Stan Fields is Immediate Past President of the Genetics Society of America. The views expressed in his posts are his and are not necessarily endorsed by the Society.

Frameshifts LogoWhen I was 21, I spent a year in the Department of Biochemistry at the University of Cambridge, at the end of which I hoped to stay on in Cambridge for graduate work. The Biochemistry curriculum included a set of lab-based projects, and so I found myself one fine spring morning spreading E. coli onto agar plates. In front of me was my beaker of ethanol and a lit Bunsen burner, enabling me to sterilize my triangular glass spreading rod after each use.

As sometimes happens with this procedure, one of the dunks into the beaker coated my rod with a bit too much ethanol, and following its ignition in the Bunsen, a drop of flaming ethanol fell from the rod to my benchtop. As I moved to attend to the tiny fire, my hand carelessly knocked over the entire beaker of ethanol, instantly covering my bench with what was now an impressive conflagration.

At the front of the lab stood the head of the department, quietly speaking with a couple of students. When he saw my bench engulfed in flames, he hurried over, and with a few well-directed puffs of lung-power quickly put out the fire.

The department head then wryly commented to me that his arrival in Cambridge to commence his professorship had been delayed when the Biochemistry building had burned down. But my concern was less about his moving on than mine: at the end of that day’s labwork I had been set to ask him to send a letter of reference to my hoped-for graduate advisor. Perhaps not surprisingly, I decided to postpone the request awhile to let him extinguish the lab fire from his memory.




I’ve been a little leery ever since of letters of reference. These ostensibly contain everything I need to know in choosing new grad students and postdocs—better, I’m sure, than spending $9.95 for a search on the Internet. I in turn provide in my letters everything future employers—including universities looking potentially to hire my postdocs as faculty members—need to know about those moving on from my lab.

Over the years I’ve come to realize that I don’t read or write these letters correctly. So in the interests of allowing both trainees seeking mentors and jobs, and mentors and search committees seeking those to hire, to better calibrate their choices for future matchups, I’ll give you some excerpts from letters that I had received and failed to heed. These may help you in your own deliberations.

Let me sum up my overall take on Lewis, who is considering several possible choices for his postdoc: You would indeed be lucky to get him to work in your lab.” How true this statement turned out to be! And alas, how unlucky I was in never getting an honest day’s work out of Lewis.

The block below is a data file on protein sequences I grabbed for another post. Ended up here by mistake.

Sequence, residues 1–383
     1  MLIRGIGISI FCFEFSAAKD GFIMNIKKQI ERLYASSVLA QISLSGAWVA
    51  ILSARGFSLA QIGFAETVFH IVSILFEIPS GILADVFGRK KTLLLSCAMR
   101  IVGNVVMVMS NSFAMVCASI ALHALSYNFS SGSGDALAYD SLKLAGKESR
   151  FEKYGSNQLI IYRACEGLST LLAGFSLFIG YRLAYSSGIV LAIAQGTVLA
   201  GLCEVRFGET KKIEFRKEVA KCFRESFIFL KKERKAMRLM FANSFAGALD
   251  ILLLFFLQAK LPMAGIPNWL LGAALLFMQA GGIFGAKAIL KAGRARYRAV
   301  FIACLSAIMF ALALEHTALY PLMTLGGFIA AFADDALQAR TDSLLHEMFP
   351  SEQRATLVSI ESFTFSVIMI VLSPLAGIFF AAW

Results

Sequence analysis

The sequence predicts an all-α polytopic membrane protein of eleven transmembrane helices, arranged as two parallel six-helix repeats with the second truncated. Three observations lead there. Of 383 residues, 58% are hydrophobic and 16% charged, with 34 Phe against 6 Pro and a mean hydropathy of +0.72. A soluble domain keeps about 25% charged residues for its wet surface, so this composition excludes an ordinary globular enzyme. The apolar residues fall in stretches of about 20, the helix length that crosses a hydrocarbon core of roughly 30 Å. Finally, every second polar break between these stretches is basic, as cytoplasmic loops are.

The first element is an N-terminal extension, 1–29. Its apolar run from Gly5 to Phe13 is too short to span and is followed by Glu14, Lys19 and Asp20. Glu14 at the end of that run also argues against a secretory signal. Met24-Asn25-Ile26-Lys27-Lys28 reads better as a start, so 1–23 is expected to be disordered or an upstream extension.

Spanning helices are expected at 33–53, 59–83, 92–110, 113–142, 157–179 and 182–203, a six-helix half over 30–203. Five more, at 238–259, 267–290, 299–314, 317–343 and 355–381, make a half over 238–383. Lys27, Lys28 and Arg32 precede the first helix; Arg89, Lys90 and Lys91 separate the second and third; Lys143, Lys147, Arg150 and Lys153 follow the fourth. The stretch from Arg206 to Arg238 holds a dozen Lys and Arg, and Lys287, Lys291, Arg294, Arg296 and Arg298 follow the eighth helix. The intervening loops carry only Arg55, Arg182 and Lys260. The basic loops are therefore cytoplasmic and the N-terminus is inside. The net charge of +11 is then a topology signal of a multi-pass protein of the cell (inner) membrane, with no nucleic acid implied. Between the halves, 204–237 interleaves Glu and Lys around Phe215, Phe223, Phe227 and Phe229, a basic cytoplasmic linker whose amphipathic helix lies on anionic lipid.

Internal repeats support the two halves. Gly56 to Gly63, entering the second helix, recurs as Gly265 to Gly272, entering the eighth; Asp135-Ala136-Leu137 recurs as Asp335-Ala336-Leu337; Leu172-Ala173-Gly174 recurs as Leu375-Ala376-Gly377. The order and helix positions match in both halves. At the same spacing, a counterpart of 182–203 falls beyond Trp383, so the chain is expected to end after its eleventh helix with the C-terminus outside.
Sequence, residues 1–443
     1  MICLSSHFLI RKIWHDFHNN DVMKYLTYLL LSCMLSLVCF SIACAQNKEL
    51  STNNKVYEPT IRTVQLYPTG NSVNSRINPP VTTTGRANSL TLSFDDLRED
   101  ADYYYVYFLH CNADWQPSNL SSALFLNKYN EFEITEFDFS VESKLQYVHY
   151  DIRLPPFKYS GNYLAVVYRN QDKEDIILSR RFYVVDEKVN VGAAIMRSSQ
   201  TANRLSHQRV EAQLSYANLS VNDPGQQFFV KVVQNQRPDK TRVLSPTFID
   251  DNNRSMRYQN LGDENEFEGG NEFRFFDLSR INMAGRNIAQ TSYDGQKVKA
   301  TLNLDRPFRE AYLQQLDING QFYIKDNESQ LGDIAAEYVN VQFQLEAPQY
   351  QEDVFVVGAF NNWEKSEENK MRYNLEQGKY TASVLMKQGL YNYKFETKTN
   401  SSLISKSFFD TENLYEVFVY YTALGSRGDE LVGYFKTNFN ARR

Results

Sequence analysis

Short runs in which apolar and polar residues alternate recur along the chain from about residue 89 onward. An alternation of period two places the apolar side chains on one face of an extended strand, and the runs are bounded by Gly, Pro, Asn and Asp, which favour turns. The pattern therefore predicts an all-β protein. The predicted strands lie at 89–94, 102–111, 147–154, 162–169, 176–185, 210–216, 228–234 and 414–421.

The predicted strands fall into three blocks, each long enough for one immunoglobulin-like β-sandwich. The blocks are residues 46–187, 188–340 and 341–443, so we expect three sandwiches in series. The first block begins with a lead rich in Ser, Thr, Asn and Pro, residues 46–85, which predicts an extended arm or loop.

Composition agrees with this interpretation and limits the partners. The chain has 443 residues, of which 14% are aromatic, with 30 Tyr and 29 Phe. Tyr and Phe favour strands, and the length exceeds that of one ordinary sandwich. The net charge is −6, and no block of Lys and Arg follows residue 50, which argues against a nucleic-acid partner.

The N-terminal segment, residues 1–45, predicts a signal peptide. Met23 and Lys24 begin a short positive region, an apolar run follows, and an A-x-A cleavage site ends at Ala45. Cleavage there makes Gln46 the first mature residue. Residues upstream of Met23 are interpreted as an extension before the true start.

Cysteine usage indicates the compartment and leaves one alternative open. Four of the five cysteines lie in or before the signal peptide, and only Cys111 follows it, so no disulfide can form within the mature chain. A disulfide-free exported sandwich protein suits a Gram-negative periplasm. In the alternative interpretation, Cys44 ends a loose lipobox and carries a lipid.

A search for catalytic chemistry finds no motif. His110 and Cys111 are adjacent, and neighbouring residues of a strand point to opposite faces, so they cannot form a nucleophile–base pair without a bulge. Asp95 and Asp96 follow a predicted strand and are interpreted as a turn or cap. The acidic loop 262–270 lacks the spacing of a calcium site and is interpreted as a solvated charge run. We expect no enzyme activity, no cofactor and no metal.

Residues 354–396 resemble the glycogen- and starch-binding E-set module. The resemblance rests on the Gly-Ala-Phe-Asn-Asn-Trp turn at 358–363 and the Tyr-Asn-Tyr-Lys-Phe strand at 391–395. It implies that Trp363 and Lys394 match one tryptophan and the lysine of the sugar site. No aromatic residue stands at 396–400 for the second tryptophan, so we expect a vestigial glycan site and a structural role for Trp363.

I should comment on whether Emma was a responsible member of my laboratory. As you have read above, Emma’s project was a complicated one, requiring the use of complex instruments, expensive reagents and, indeed, even toxic and combustible chemicals. Inevitably along the way, there were bound to be a few mishaps, perhaps even a small explosion or two. But in my candid view, Emma was always responsible.” Likewise, I later learned, she would be completely responsible in my own lab, and while insurance covered the bulk of the reconstruction, we did lose nearly a year of work.

I’d like to point out that data analysis could sometimes be a real struggle for Rick, occasionally leading to outbursts of intense frustration – a bit surprising in one of our beginning computational students. Additionally, and perhaps you’ll forgive what seems like a petty annoyance with him, Rick’s axes were not always labeled.

Later on in the letter, Rick’s referee commented on an “altercation Rick had with another graduate student, which escalated from a minor scuffle to a fearsome swing—fortunately that didn’t connect—with one of the sharp implements that were kept in the lab bay; we didn’t even know at the time whom these belonged to.

By now, though, I had finally learned to read these letters carefully. When Rick joined us in the lab, he soon brought into his bay an extensive collection of baseball bats, truncheons, swords and—of course—several axes. On all of them, we insisted that he write: “Property of: Rick.”



Disclaimer: the Cambridge story is true; the rest, not so much. But nobody should blog too frequently about topics like poor funding prospects, especially on April 1st. For more lighthearted fare, check out my lab’s video for #IAmGSA

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